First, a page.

Cairo: Opponents of Islamists declared a "life and death" battle for Egypt's future as official campaigning began on Wednesday for parliamentary elections seen as vital for restoring stability after eight months of fragile military rule.
The winner could gain the first popular mandate in modern Egyptian history after decades of strongman rulers and secure a decisive role in drafting a new constitution -- the subject of power struggles between Islamists, liberals and the army.
Democracy campaigners fear the new parliament will count for little unless the army submits to civilian rule and a future president who will replace Hosni Mubarak, the president and ex-air force commander ousted in February in a popular uprising.
"The armed forces are not a state above the state and will not be," said presidential candidate and former UN nuclear watchdog Mohamed ElBaradei in a statement. "There is a difference between a democratic civilian state that guarantees the rights of man and military tutelage."
Army men have dominated the presidency since a 1952 military coup and control a large swathe of the economy.
With Mubarak gone, the military has pledged to yield power to civilians but many Egyptians suspect it will continue to operate the levers of power even after a new president is elected.
Officials from both Islamist and liberal parties walked out of a meeting with the government on Tuesday when Deputy Prime Minister Ali al-Silmi circulated a document proposing principles for the constitution that would allow the army to defy an elected government.
The Muslim Brotherhood, one of Egypt's most influential political groups, demanded Silmi step down and the government resign if it tries to set specific rules for the constitution.
"We consider this a usurpation of the right of the people to choose their own constitution," it said in a statement.
Supporters of granting the army the right to defy an elected government say it could stop a power grab by religious fanatics. Opponents say the army is raising the specter of an Islamist coup to keep its privileges.
Mubarak's overthrow allowed Islamist groups with grass-roots support to enter formal politics and shattered the order built around his now disbanded National Democratic Party.
A plethora of smaller secular liberal and left-wing parties remain to oppose the Muslim Brotherhood, which came late to the uprising against Mubarak and now stands to benefit most from the freedoms it brought.
The staggered parliamentary elections are due to begin on November 28 and will last until March, with different dates for different chambers and regions of the country.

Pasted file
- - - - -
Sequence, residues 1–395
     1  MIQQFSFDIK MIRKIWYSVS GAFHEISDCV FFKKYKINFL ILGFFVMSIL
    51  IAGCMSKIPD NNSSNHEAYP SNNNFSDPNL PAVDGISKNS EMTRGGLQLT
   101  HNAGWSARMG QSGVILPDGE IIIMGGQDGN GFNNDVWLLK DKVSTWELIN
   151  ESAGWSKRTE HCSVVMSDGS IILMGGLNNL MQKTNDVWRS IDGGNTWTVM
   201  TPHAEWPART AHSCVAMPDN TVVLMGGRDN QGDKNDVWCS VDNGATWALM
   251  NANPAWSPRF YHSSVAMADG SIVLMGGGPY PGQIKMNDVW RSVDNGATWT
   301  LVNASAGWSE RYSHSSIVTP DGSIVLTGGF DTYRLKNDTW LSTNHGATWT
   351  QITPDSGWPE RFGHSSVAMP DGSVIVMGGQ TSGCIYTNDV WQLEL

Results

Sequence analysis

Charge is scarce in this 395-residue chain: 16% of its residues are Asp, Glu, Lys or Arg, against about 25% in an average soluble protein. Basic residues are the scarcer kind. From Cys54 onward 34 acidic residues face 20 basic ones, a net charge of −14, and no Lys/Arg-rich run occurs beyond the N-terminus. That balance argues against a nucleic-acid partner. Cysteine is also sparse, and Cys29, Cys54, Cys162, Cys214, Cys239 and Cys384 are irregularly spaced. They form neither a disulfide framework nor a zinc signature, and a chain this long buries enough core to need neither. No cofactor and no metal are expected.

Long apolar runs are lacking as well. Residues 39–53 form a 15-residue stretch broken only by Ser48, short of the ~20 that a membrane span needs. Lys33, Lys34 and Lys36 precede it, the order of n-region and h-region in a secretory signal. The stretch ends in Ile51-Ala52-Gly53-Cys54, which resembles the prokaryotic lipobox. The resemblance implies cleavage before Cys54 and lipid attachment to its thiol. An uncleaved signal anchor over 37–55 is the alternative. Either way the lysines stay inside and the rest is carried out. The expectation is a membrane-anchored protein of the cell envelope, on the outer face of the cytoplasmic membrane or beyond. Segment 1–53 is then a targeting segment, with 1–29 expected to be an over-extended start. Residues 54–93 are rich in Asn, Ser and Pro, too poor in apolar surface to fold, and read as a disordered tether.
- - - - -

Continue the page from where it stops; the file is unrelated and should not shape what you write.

Some secular parties have put aside major policy differences to join forces against the Islamists under the slogan "Together we will retain our right."
"The battle for parliament is a life or death one. It isn't an electoral battle but a battle for Egypt and history," said Basel Adel of the Free Egyptians, a secular party funded partly by Christian business tycoon Naguib Sawiris.
Days before the official campaign, Free Egyptians filled Cairo's streets with posters offering "A party for all Egyptians," playing on fears that Islamists will sow strife in a country where an estimated 10 percent of the population is Christian.
The Brotherhood, excluded from politics for decades under Mubarak, is now seeking support from mainstream voters. Its Freedom and Justice party put an ad Egypt's main state newspaper al-Ahram on Wednesday offering "a better tomorrow."
The advert showed a smiling middle-aged man in a mustache standing with his wife and young daughter, both of them wearing headscarves.
The campaign is already turning into a clash of ideology rather than policy. Liberals see the Brotherhood's vague manifesto as proof that it secretly wants an Islamic theocracy.
Other parties are also thin on detailed plans for dragging Egypt out of an economic slump and tackling widespread poverty.
Street campaigns by some Islamist parties focus on public morals as the answer to the problems of ordinary Egyptians.
Newspaper al-Masry al-Youm carried images from a meeting of the Salafist al-Nour party in Egypt's second city Alexandria this week that showed party members wrapping a well-known statue featuring bare-breasted mermaids in sheets and ropes.
The statues were covered with a banner reading: "The Egyptian woman is she who gives her time to her husband and does not forget building her nation."
Nour officials denied they ordered the statues covered.
"These statues have been in the city forever and Salafists have been in Alexandria for decades and not one single incident of vandalism or destruction has taken place" said party spokesman Youssry Hammad.
Many secularists say Islamists who trumpet freedom in public secretly want to subvert it and would cancel further elections.
First Published: Thursday, November 03, 2011, 00:01